July 16, 2018
Politics Latest News | Poll Questions | Hampden Homicide | World Cup | Acadia National Park

With AG’s approval, LePage administration to start drug testing some welfare applicants

Scott Thistle | Sun Journal
Scott Thistle | Sun Journal
Maine Department of Health and Human Services Commissioner Mary Mayhew
By Mario Moretto, BDN Staff
Updated:

AUGUSTA, Maine — After changes were made to protect the state from potential lawsuits, Gov. Paul LePage’s administration is moving forward with a plan to drug test some welfare applicants as a condition of eligibility.

The new rule, approved recently by Attorney General Janet Mills, requires applicants convicted of a drug felony in the past 20 years to take a written test designed to determine their risk for further drug use. If the applicant is determined to be at risk, he or she would be required to take a drug test.

If the applicant tests positive, or refuses to take the test, he or she will be allowed to participate in a drug treatment program and continue receiving benefits. If the applicant refuses, benefits will be denied. Positive tests would also be exempt from the rule when justified for medical reasons, such as prescribed opiates.

The new rule applies only to applicants for Temporary Assistance for Needy Families, or TANF, a federally funded cash assistance program.

Health and Human Services Commissioner Mary Mayhew said Wednesday that the rule will “bring another layer of accountability to our welfare system.”

“The LePage administration is respecting the wishes of hardworking taxpayers who want to know that the hand up they provide is being used appropriately,” Mayhew said in a written statement. “The goal of these benefits is not to subsidize poor lifestyle choices, but to help Mainers transition from a life of poverty to a life of prosperity.”

The rule also allows DHHS to test current TANF recipients who are known convicted drug felons. Current recipients whose benefits expire will be subject to the new rule when the benefit is recertified.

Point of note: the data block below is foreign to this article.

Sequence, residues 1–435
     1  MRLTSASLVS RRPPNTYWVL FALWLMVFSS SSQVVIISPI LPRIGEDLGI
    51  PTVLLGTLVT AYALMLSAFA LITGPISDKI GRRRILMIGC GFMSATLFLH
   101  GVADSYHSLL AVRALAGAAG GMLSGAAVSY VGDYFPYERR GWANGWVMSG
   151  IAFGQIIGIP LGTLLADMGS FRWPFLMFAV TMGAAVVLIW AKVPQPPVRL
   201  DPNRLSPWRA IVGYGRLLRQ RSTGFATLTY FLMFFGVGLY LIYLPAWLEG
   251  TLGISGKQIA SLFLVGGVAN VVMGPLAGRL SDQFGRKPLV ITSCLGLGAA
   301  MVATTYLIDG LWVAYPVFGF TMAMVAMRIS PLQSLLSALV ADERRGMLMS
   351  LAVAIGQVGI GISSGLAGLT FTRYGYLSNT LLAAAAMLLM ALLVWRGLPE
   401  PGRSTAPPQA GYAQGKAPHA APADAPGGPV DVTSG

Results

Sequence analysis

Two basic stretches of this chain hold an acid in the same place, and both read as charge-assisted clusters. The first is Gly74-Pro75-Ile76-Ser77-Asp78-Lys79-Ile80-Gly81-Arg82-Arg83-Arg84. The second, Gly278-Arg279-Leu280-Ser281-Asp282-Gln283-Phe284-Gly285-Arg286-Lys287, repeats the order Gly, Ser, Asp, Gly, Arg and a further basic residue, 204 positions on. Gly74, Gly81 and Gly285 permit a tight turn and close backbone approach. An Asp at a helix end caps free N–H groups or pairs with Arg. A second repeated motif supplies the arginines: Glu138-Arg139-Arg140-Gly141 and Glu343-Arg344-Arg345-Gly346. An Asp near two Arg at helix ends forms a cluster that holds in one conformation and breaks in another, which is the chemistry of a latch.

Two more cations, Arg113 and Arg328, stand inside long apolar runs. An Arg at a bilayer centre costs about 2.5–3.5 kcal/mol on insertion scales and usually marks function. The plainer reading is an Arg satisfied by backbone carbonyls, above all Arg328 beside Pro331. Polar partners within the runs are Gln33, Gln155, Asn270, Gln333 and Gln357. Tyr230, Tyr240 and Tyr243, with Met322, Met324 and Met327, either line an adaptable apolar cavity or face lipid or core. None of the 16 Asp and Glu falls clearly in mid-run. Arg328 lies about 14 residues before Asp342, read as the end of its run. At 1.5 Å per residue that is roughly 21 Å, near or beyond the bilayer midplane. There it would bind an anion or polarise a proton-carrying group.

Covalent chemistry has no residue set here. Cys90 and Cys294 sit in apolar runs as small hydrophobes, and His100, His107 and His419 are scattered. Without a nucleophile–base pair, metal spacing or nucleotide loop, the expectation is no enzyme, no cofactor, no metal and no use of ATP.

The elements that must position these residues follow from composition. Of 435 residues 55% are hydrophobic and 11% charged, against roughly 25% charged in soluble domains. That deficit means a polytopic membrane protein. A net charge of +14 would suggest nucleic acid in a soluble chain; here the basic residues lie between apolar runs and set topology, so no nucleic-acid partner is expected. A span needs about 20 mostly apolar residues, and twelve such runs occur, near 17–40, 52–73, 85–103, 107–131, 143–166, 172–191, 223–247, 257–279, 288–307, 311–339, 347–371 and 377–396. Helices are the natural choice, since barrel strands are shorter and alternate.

Maine’s Legislature enacted the drug-testing rule in 2011 with broad, bipartisan support. The administration, however, did not pursue its implementation until last year. Since then the attorney general’s office and DHHS have been hammering out the fine details to protect the state against potential lawsuits.

Other states have seen their drug-testing rules challenged on constitutional grounds. For that reason, Assistant Attorney General Thomas Quinn made several recommendations designed to protect the state from such a challenge. The U.S. Supreme Court has ruled such drug tests constitutional only if they are applied as a result of individualized suspicion.

The inclusion of the preliminary risk screening — using a scientifically proven method called the Substance Abuse Subtle Screening Inventory — in addition to the prior felony conviction is designed to articulate such individualized suspicion. Its adoption represents a “substantial gain in constitutional armor,” Quinn wrote in a Dec. 17 memo.

David Sorensen, a spokesman for DHHS, said the testing would begin “as soon as possible.”

“We have to line up a vendor” to conduct the testing, he said. “It’s just a matter of actually implementing the policy now.” Sorensen said each drug test is expected to cost about $62.

The American Civil Liberties Union of Maine opposes the rule’s implementation, even with the recommended changes from the attorney general.

“It’s disappointing that the governor is focused on ways to make it harder for Maine families to get by, rather than ways to help them,” the group said in a written statement. “Treating poor people like suspected criminals not only goes against Maine values, it raises constitutional concerns. We’ll be keeping a close eye on how this policy is implemented.”

The state’s TANF caseload has decreased by about half since LePage took office in 2011. Roughly 17,000 Mainers are currently enrolled in the program, according to Sorensen.

Follow Mario Moretto on Twitter at @riocarmine.

 


Have feedback? Want to know more? Send us ideas for follow-up stories.

You may also like